Jayson Werth on Nationals after getting swept: “We’re a good team.”

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With a 9-2 loss to the Dodgers today, victims of a series sweep and losers of six out of their last seven, the Nationals fell to 48-50 in third place in the NL East. Jayson Werth provided all of the offense this afternoon with two solo home runs; the rest of the lineup had just two hits (both singles) in 29 at-bats. Starter Jordan Zimmermann had the worst start of his career, allowing seven runs in two innings of work. As Adam Kilgore put it, “They may now know what the abyss looks like.”

Werth wasn’t willing to be pessimistic.

I think at any moment, this team could take off,” Werth said. “But I’m not going to get into the doom-and-gloom stuff, because we’ve got way too many games to play. I believe in this team. I’ve said it from the beginning. We got a long way to go. We’ll be fine. We’re a good team.”

You can understand Werth’s point of view as well, as he was a member of the 2007 Phillies when they overcome a seven-game deficit with 17 games left to play in the 2007 season to overtake the Mets for the NL East crown. In 2008, the Phillies were 3.5 games behind the Mets with 16 games left and again took home the division title en route to winning the World Series.

Manager Davey Johnson, however, isn’t happy, but appreciate’s Werth’s perspective.

“There’s a good attitude,” Manager Davey Johnson said. “I’m the one that’s frustrated. I’m the one that has trouble sleeping. I feel like we’re going to be fine.”

The Nationals will play a four-game set against the similarly-slumping Pirates. Since the mathematical halfway point of the season, the Buccos are 6-9.

Justin Turner is a postseason monster

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A not-insignificant amount of the Dodgers’ success in recent years has to do with the emergence of Justin Turner. In his first five seasons with the Orioles and Mets, he was a forgettable infielder who had versatility, but no power. The Mets non-tendered him after the 2013 season, a move they now really regret.

In four regular seasons since, as a Dodger, Turner has hit an aggregate .303/.378/.502. His 162-game averages over those four seasons: 23 home runs, 36 doubles, 83 RBI, 80 runs scored. And he’s also a pretty good third baseman, it turns out. The Dodgers have averaged 95 wins per season over the past four years.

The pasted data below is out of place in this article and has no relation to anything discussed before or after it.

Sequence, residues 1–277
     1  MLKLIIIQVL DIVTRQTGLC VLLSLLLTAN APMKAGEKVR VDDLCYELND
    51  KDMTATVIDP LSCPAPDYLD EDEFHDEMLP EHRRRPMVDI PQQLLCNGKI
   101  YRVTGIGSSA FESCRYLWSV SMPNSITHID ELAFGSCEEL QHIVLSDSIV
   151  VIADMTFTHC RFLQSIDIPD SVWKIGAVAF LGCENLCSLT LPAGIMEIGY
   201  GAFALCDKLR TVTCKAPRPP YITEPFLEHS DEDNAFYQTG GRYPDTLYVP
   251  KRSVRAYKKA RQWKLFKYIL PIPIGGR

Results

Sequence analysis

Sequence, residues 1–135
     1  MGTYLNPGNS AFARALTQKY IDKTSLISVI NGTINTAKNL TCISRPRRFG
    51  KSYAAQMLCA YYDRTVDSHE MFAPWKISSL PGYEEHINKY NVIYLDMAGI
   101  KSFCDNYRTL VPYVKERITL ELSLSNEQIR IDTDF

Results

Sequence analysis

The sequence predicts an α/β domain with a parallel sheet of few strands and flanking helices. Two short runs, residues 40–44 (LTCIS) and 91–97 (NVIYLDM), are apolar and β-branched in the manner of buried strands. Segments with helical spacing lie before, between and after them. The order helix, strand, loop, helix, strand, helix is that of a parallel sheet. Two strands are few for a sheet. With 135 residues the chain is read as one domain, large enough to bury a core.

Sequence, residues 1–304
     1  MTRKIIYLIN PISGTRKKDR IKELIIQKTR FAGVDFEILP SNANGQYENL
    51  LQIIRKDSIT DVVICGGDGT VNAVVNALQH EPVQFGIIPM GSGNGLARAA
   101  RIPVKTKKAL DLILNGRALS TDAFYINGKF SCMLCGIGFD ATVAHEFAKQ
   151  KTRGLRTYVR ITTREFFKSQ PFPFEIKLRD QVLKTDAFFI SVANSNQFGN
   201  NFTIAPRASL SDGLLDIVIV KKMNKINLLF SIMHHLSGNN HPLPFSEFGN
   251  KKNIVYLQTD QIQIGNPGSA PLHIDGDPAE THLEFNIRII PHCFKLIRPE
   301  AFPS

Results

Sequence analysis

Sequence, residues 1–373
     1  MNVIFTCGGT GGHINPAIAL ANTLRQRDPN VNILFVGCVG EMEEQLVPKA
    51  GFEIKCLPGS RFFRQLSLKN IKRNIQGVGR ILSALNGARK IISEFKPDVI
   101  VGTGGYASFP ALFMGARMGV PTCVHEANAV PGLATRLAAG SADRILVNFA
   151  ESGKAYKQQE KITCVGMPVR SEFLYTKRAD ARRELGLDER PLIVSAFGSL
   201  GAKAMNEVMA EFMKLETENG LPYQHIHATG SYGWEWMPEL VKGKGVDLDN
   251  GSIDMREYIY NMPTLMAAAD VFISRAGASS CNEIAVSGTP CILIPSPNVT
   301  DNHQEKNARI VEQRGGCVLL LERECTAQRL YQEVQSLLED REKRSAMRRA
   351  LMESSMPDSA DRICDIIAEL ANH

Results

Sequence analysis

Turner, 32, has gotten better and better with each passing year. This year, he drew more walks (59) than strikeouts (56), a club only five other players (min. 300 PA) belonged to, and he trailed only Joey Votto (1.61) in BB/K ratio (1.05). He zoomed past his previous career-high in OPS, finishing at .945. His .415 on-base percentage was fourth-best in baseball. His batting average was fifth-best and only nine points behind NL batting champion Charlie Blackmon.

It doesn’t seem possible, but Turner has been even better in the postseason. He exemplified that with his walk-off home run to win Game 2 of the NLCS against the Cubs. Overall, entering Wednesday night’s action, he was batting .363/.474/.613 in 97 postseason plate appearances. In Game 4, he went 2-for-2 with two walks, a single, and a solo home run. That increases his postseason slash line to .378/.495/.659, now across 101 plate appearances. That’s a 1.154 OPS. The career-high regular season OPS for future first-ballot Hall of Famer Albert Pujols was 1.114 in 2008, when he won his third career MVP Award. Statistically, in the postseason, Turner hits slightly better than Pujols did in the prime of his career. Of course, we should adjust for leagues and parks and all that, but to even be in that neighborhood is incredible.

In the age of stats, the concept of “clutch” has rightfully eroded. We don’t really allow players to ascend to godlike levels anymore like the way we did Derek Jeter, for instance. (Jeter’s career OPS in the playoffs, by the way, was a comparatively pitiful .838.) Turner isn’t clutch; he’s just a damn good hitter whose careful approach at the plate has allowed him to shine in the postseason and the Dodgers can’t imagine life without him.